goddess Kali drunk on the blood of her enemies and the nectar of Shiva’s
company, dancing and clapping her hands in a furious ecstasy, while Shiva
nearby matches Her cosmic dance with the transcendent beats of his damru
(drum). Ganas (attendants), bhootas, yoginis, and dakinis (all ghoulish
attendants of Kali) complement the dance of the divine mother. If there is a
way to visualize the divine frenzy of Maa Kali after her battle with the forces
of evil, it is through this awe-inspiring painting.
As per a
legend from the Hindu text, Linga Purana, Kali- the wrathful incarnation of Parvati, after slaying the demon Daruka was overwhelmed by the violence of the
battlefield. In order to protect the world from the uncontrolled wrath of the
goddess, Shiva first took the form of a child, who brought out the motherly
side of Kali and subdued her anger. After this, Shiva performed his famous
Taandava, and he was joined by his ganas as well as the Parameshwari- great
goddess Kali herself.
has skilfully depicted a moment from the cosmic dance of Kala (Shiva) and Kali
(Parvati) in this Guler-style artwork. With open jata (matted hair),
ornamentation of Nagas (snakes) and Rudraksha beads, and his skin in the colour
of smoke that rises from the funeral pyres, Shiva is in his form as the Lord of
the Cremation ground. His fingers produce cosmic hums on his damru, while he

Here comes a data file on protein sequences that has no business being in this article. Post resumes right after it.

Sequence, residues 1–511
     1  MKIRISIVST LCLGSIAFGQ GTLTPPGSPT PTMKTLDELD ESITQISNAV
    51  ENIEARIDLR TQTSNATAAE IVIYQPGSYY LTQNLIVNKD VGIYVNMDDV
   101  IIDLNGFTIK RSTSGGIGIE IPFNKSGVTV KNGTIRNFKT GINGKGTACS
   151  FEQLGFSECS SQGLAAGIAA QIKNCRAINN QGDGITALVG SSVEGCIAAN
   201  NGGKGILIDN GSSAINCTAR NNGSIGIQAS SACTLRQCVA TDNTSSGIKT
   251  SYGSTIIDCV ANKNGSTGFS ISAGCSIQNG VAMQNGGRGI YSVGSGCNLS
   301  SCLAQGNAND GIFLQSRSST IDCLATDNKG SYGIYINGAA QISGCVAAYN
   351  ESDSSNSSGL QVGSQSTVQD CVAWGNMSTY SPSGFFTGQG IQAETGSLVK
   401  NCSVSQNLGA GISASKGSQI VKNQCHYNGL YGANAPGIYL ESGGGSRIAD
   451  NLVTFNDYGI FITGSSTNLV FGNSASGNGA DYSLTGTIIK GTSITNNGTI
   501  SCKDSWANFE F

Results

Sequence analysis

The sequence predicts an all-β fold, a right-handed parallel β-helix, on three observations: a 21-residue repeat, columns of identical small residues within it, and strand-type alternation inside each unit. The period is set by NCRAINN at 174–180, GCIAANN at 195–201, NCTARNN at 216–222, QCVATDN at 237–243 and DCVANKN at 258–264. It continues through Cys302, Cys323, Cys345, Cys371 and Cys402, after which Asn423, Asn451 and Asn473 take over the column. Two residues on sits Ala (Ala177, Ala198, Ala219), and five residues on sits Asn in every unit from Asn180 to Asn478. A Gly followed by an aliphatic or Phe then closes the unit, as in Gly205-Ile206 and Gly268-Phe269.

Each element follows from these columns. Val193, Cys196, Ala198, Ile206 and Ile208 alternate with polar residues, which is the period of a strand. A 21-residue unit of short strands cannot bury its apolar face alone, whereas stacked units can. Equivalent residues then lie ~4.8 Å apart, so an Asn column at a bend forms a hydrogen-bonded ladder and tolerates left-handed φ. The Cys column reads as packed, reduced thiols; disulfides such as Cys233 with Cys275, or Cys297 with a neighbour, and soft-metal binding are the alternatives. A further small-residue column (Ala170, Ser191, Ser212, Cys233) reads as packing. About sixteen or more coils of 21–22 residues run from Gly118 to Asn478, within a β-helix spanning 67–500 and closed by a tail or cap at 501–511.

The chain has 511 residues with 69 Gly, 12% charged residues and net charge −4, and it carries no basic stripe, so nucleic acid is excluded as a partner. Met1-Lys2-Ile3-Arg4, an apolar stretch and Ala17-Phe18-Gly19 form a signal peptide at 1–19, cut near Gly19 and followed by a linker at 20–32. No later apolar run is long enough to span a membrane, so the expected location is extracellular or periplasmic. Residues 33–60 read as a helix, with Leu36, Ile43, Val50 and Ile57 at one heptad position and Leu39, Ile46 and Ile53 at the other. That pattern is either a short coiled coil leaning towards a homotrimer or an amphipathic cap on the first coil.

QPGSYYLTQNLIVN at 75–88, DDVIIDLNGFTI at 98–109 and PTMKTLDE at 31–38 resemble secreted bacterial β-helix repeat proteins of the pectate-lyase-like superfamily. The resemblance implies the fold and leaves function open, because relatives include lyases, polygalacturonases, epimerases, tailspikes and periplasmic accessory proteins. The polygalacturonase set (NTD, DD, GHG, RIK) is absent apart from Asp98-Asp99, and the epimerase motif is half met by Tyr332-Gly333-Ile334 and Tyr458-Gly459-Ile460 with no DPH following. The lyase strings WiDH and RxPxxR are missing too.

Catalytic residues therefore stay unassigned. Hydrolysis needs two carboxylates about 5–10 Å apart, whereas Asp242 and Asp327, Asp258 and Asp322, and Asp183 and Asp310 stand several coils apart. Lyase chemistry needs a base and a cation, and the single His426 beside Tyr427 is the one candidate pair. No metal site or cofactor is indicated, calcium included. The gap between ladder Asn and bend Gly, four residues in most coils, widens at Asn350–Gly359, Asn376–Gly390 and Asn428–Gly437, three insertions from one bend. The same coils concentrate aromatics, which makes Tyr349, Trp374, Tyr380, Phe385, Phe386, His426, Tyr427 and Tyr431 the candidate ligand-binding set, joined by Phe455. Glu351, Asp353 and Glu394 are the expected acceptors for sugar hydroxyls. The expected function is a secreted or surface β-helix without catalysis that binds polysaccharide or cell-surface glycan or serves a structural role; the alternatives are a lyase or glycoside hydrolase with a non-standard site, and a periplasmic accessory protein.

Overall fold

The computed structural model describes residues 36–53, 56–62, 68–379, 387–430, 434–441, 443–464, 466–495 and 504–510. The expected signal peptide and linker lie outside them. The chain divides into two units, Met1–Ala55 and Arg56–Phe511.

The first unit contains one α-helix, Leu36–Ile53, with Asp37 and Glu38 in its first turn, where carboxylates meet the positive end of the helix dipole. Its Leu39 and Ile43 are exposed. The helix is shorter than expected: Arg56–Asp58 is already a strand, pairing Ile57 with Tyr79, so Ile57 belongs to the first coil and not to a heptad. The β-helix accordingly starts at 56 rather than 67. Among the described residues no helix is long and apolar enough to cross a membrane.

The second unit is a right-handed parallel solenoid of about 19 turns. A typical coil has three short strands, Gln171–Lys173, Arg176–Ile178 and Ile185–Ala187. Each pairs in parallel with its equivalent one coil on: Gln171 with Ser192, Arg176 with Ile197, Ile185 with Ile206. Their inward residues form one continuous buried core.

stands, almost bowing down to the dark-skinned goddess. Kali looks equal parts dreadful and divine-
her body skeletal, breasts dry and dangling, the goddess wears garlands of
enemies’ heads and the skin of a tiger that flaps sharply as she grooves in a
celestial passion. Shiva’s attendants behind him accompany their master and
play different instruments, while Kali’s attendants- yoginis and dakinis, drunk
on blood follow the footsteps of their mistress. The skull, sword and tiger hide
on the ground add to the overall ferocity of the scene.
painting is a representation of Kali’s greatness as the Swamini (mistress) of
Kaal (time and death). The posture of Shiva and his role as the musician
supporting the dance of Kali underlines the idea that- when Kali moves,
everyone including Mahadeva (the great lord) himself becomes an assistant in
her magnificent cosmic play.
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